“People with dementia had lower lovels of beta carotene and vitamin C in their blood. Again, this does not prove that the lower levels are responsible for the condition; they may just signal that a diet is poorer in fruits and vegetables.  Tocotrienols, the ‘special form of vitamin E’ that Oz talked about, have shown some borderline effects in Alzheimer’s patients at doses way higher than found in red palm oil.  There is not evidence for preventing the disease.”

Huffington Post Living Canada also wrote about the red palm oil segment, “I Don’t Buy What Dr. Oz is Trying to Sell.”  In response to the stunt with a sewer pipe that tried to show how the oil flushes through our arteries.  Michael Kruse wrote:

“An actual check of the facts reveals a lot of research into the alpha-tocotrienol found in the unprocessed oil. Supplementation with this chemical did show promise in lowering bad LDL cholesterol, and one rat study showed the potential of red palm fruit oil to limit the amount of damage to the heart during a heart attack. However, most of the studies into red palm fruit oil and alpha-tocotrienol, and their effects on improving the cardiovascular system have been done using faceless cells in a dish or in animals like mice and rabbits, with very few studies involving actual humans. None of the studies actually studied the effect of red palm fruit oil on your chance of dying from a heart attack or other cardiovascular event.”

Dr. Oz. excalimed that this demo was indicative of how red palm oil reduces cholesterol in a month by 40 percent, better than drugs.  But Dr. Schwarcz said a search of Pubmed revealed no such study.

Perhaps the most attractive claim that could entice folks to run out and try this oil is the notion that it can blast belly fat.  If you watch the segment, Dr. Oz lights a small candle and then a bigger flare to illustrate how red palm oil can ignite your metabolism and torch your belly fat.  Not so fast.   Dr. Schwarcz wrote:8543819800_a0985316fc_o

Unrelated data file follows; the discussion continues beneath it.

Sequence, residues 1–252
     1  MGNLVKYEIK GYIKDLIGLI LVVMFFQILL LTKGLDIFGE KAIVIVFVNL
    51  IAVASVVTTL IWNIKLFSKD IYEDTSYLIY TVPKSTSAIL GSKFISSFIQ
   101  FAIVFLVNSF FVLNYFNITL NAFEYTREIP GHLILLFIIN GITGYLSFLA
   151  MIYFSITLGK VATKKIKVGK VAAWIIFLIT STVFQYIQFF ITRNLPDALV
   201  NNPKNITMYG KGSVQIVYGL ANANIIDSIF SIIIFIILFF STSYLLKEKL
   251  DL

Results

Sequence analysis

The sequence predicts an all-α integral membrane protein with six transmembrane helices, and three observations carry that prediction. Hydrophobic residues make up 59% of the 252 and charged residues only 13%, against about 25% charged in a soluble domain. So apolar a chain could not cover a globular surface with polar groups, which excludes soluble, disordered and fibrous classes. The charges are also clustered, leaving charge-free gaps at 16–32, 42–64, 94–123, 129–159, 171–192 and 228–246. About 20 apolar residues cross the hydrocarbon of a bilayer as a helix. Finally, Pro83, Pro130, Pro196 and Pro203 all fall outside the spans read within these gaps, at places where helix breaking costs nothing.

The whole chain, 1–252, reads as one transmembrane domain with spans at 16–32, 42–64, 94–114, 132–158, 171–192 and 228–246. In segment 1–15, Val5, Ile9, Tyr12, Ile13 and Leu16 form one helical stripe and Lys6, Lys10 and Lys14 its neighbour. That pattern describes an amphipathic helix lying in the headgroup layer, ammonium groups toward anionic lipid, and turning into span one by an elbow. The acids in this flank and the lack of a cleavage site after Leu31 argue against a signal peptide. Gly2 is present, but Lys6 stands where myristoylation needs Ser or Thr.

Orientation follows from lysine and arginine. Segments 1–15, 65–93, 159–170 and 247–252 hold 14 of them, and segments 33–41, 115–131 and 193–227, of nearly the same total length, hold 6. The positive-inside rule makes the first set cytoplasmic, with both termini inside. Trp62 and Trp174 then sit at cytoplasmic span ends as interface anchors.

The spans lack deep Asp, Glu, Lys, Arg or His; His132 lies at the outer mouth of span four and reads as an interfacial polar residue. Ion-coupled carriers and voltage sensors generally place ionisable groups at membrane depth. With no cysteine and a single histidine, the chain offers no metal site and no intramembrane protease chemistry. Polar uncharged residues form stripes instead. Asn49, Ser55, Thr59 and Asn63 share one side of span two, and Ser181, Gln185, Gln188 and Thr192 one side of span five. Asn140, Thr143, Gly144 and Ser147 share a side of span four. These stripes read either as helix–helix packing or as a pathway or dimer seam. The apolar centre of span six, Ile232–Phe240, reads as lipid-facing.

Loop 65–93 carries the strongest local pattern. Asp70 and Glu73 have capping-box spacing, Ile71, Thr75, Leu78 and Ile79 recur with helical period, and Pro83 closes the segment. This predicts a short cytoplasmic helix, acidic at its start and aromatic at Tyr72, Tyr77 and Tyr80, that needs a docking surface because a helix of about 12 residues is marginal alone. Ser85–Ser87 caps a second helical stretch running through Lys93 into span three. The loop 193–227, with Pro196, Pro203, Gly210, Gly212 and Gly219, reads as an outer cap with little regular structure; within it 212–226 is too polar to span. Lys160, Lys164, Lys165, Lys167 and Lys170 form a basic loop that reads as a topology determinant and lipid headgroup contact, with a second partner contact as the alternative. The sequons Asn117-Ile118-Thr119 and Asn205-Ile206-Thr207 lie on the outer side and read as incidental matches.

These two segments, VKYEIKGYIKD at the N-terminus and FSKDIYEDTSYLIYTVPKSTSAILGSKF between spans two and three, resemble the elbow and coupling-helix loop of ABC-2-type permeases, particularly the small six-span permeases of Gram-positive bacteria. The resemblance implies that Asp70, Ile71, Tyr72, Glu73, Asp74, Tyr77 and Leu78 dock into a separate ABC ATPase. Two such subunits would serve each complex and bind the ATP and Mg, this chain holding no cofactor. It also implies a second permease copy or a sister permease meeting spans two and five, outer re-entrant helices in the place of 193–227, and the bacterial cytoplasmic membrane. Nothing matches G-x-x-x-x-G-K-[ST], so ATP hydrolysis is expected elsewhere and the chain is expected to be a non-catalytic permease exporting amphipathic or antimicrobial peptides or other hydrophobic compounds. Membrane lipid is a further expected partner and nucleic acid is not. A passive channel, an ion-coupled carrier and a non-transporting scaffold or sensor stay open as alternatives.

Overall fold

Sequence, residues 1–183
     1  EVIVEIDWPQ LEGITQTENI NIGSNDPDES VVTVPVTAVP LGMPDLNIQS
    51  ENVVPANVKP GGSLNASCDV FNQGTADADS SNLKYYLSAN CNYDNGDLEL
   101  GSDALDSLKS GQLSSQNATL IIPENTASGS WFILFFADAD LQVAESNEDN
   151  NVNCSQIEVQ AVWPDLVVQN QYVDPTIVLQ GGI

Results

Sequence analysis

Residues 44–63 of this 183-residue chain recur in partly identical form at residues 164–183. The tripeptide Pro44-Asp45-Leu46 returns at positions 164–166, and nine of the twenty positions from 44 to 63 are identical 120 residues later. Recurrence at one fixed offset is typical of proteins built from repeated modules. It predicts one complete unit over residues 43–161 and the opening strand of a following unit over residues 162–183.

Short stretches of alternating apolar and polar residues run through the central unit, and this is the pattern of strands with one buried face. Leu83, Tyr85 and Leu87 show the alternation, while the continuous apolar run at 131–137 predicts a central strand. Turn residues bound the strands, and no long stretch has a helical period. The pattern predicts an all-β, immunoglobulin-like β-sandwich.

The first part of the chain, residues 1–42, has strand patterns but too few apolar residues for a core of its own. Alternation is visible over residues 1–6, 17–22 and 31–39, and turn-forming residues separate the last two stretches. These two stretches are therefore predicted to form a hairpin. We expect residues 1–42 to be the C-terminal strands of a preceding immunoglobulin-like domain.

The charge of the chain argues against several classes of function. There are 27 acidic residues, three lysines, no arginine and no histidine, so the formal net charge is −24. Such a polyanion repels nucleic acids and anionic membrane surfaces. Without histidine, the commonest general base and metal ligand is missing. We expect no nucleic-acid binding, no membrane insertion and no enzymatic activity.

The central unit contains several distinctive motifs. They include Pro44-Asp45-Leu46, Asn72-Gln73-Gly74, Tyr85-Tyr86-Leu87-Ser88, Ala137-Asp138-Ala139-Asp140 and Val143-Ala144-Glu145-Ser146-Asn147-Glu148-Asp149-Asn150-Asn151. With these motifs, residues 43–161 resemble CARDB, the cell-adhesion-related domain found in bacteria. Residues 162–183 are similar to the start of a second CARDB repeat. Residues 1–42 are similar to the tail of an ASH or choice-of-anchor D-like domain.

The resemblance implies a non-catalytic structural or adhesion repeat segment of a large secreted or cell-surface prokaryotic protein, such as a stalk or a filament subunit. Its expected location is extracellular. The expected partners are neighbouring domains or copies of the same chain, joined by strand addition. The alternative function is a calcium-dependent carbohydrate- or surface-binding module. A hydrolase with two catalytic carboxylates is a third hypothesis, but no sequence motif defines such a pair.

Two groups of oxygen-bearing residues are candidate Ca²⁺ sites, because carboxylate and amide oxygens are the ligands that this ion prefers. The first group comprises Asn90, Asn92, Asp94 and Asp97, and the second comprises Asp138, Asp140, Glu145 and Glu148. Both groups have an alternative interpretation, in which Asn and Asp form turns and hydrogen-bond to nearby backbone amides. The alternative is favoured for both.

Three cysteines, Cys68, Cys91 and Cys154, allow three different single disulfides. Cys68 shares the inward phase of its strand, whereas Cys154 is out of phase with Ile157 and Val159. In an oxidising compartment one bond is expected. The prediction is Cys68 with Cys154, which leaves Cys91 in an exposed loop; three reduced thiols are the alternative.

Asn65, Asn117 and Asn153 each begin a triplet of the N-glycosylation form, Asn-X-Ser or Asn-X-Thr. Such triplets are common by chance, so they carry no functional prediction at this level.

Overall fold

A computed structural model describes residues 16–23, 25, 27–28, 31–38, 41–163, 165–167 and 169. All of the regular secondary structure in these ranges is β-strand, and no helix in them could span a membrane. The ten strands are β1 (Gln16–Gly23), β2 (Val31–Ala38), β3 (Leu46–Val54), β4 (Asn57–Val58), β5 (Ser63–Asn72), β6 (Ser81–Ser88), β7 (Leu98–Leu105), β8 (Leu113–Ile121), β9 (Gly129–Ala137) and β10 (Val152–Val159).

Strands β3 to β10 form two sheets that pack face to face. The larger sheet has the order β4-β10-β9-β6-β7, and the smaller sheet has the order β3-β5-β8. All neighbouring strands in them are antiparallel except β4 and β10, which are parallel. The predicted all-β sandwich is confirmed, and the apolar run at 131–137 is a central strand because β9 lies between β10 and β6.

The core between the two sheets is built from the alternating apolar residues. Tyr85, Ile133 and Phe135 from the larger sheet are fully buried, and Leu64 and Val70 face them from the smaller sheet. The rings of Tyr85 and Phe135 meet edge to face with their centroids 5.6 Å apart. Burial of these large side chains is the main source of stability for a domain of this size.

“The message seemed to be that the body burns most fats slowly, but it burns red palm oil with great efficiency, thus preventing weight gain. Where does this come from?  Possibly some confusion about medium chain trigylcerides, which are somewhat faster metabolized than other fats. But these are not found in palm oil. Oz and his homeopath expert were as confused about this as about the rest of the red palm oil info they belched out.”

Everything is just so over blown.  Just like what we saw happen with raspberry ketones and green coffee bean extract, the companies selling red palm oil are now touting the Dr. Oz segment and using his endorsement to sell products. You’ll find jars of extra-virgin red palm  jars in health food stores and online, along with recipes and suggested regimens to take daily spoonfuls of this superfood.

The evidence simply isn’t there.  Yes, red palm oil provides vitamin E and vitamin A, but there are better ways to get these nutrients.  The oil will not “melt away” belly fat or bring down cholesterol levels.  Even if a rat study showed any slight benefit, switching oils will likely have a trivial effect compared to other positive changes you could make.

Maybe you want to experiment cooking with red palm oil.  That’s fine.  Just don’t feel the need to take it by the spoonfuls or flat-out switch from olive oil — where the science is strong.  Plus, there’s an environmental impact in your oil selection.  There are orangutan protection advocates who have launched a campaign to shame Dr. Oz for recommending palm oil because this red oil threathens red apes, and other creatures in the jungles of Borneo and Sumatra.

Dr. Oz predicts that red palm oil will be the next big thing.  It’s his #1 new miracle for 2013. I hope he’s wrong about this one.

 image of red palm fruit oil by dailyamazon on flickr